Working as a dentist

Initially, simple things were difficult for me and I was slower.

When I had a flare, daily tasks started to become almost impossible at home and in the clinic.

In clinics, it was easier for me having a nurse who was efficient and highly competent who could reduce my workload. But doing a busy day’s dentistry is really difficult when you’re in pain or feel discomfort throughout the day. It’s obviously not ideal to have to take painkillers long term to reduce the pain.

Additionally the chronic fatigue associated with rheumatoid arthritis makes it even more tiring. Even with a good night’s sleep, sometimes you still feel completely exhausted.

It was becoming difficult to try and work at the same fast pace, whilst often in pain and tired.

I personally found extractions the hardest, despite enjoying this aspect of dentistry the most. It didn’t stop me from doing them, but I would always worry that it would put extra strain on my hands and I may suffer a flare later.

Ignoring the symptoms

I informed my team of my diagnosis. But I did not know how to manage my patient list or when I should take time off.

At the time I felt it is better to continue with work as normal. I hoped things would just improve on their own.

Also, I felt that if I had to take time off every time I had a flare, I would only work a few days a week.

For the most part I was ignoring symptoms and working through them, taking more medication as needed.

Working through pain and flares only seemed to make things worse, resulting in more frequent flares and more pain. It was a vicious cycle.

Dentistry is a job that requires commitment and responsibility. I struggled to prioritise my health over my job.

Advice – tell your team

Inform your team of your condition. It’s important that your team knows that sometimes you may struggle or that you may be in pain.

It’s better to have the support of your team. Especially when you’re having a worse day with it.

If your colleagues are aware of your condition and what this means for you, then they can provide support to help you to continue to work.

Hopefully, they are willing to help wherever possible. Whether this involves lengthening appointments or perhaps moving patients so that days are shorter for you. Or even just generally being more sympathetic if you’re having a flare and are working more slowly than usual.

Isolating your problem will only make it more difficult for you in the long term. You may struggle to work at the same pace as before.

Don’t be afraid to take a break

If you’re having a flare and struggling, your body is telling you to slow down and take a break. You need to listen.

Taking more painkillers is only papering over the issue and won’t deal with the underlying problem. Your rheumatoid arthritis is active and you need to find a way to manage it.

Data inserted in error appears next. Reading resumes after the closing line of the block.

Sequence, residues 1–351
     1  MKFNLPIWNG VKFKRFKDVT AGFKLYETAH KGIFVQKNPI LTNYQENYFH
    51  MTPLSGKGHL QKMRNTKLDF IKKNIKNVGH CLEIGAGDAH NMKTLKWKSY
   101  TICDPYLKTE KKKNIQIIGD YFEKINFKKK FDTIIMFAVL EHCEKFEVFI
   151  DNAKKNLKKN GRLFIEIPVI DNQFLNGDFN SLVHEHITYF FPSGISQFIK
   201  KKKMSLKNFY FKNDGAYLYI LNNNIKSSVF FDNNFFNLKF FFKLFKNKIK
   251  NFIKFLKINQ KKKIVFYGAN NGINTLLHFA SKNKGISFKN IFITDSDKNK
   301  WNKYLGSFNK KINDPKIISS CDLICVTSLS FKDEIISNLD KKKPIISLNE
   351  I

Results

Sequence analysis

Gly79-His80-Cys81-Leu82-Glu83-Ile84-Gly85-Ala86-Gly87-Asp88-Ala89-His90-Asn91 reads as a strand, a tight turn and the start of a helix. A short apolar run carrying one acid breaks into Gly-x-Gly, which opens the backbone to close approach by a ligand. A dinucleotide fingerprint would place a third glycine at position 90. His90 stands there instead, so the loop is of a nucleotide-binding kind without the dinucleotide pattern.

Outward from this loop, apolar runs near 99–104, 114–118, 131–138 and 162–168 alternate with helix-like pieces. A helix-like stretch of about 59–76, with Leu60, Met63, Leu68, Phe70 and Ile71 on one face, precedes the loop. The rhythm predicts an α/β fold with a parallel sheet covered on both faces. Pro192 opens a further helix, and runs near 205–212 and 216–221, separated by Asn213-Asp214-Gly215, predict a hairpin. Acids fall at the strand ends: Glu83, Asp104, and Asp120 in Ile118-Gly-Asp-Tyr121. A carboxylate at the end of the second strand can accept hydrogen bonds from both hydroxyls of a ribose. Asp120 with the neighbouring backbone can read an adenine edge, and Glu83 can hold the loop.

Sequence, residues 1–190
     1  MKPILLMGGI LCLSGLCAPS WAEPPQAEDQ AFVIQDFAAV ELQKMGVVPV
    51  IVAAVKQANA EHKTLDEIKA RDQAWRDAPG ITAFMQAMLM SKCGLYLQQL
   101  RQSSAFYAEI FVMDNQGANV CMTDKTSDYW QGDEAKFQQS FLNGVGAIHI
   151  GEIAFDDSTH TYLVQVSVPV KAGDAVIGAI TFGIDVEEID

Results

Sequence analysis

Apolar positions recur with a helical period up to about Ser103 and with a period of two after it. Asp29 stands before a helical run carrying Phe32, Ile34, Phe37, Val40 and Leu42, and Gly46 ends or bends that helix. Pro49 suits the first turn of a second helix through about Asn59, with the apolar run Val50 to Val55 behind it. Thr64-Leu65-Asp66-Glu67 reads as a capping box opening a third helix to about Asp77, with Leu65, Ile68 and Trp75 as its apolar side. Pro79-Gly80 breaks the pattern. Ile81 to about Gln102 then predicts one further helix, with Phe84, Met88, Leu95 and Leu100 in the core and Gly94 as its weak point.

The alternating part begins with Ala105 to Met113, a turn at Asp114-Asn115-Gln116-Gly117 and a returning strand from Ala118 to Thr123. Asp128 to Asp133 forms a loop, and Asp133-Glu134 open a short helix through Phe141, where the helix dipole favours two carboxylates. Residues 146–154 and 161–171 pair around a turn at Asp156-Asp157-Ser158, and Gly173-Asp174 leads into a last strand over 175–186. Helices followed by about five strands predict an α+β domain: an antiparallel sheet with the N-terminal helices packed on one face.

I realise it’s hard when you’re used to being busy. You feel responsible for your patients and your team. But sometimes you have to prioritise yourself and your health.

From experience, ignoring the symptoms and working through the pain only makes it worse and seems to accelerate things.

If you want to have a long career in dentistry, then you need to find a way to work with your condition and make it manageable.

Sleep, eat, exercise and rest!

Sometimes it’s the simple things that work. Ensuring you’re sleeping enough.

Now this can mean that you need more sleep than other people or just more than you normally do. Listen to your body. If you need more, then don’t ignore that. Especially when you’re having a flare, you’re going to feel more exhausted and this is before you’ve even started your day.

Gentle exercise is really great to help prevent the fatigue. Again, play it by ear. You don’t want to over do it, so work out what exercise is right for you.

I personally find going on walks and yoga is the best. It’s gentle enough to not give me much of a problem afterwards.

The biggest trigger for my flares is stress. If I’m stressed and run down, I can predict that a flare is coming.

So, if you don’t already, you need to figure out a way to manage the stress. Yoga, meditation, deep breathing, walks or whatever else works for you.

The future

Personally, I am not sure if returning to clinical dentistry full time is the best option for me or my health.

I feel that I need to balance my work life and free time better to help me manage my health.

My advice to anyone going through a similar situation is to try and take a step back and consider that maybe prioritising your own health is the best option in the long run.

Ignoring a health issue and working through it will just result in you burning out that much faster. This will force you to take an involuntary step back from your job.

During this COVID-19 period, I chose to leave my previous job and return home for a while. In a way, I was forced to finally take some much needed time off to rest.

This is perhaps the first time since my diagnosis that I have tried to look after my body, with sleeping properly, eating well and exercising where possible.

My rheumatoid arthritis has been so much better as a result. I don’t think I will ever go back to that unhealthy cycle of neglecting my health.

As dentists we are so used to caring for our patients, but we have to remember to care for ourselves first.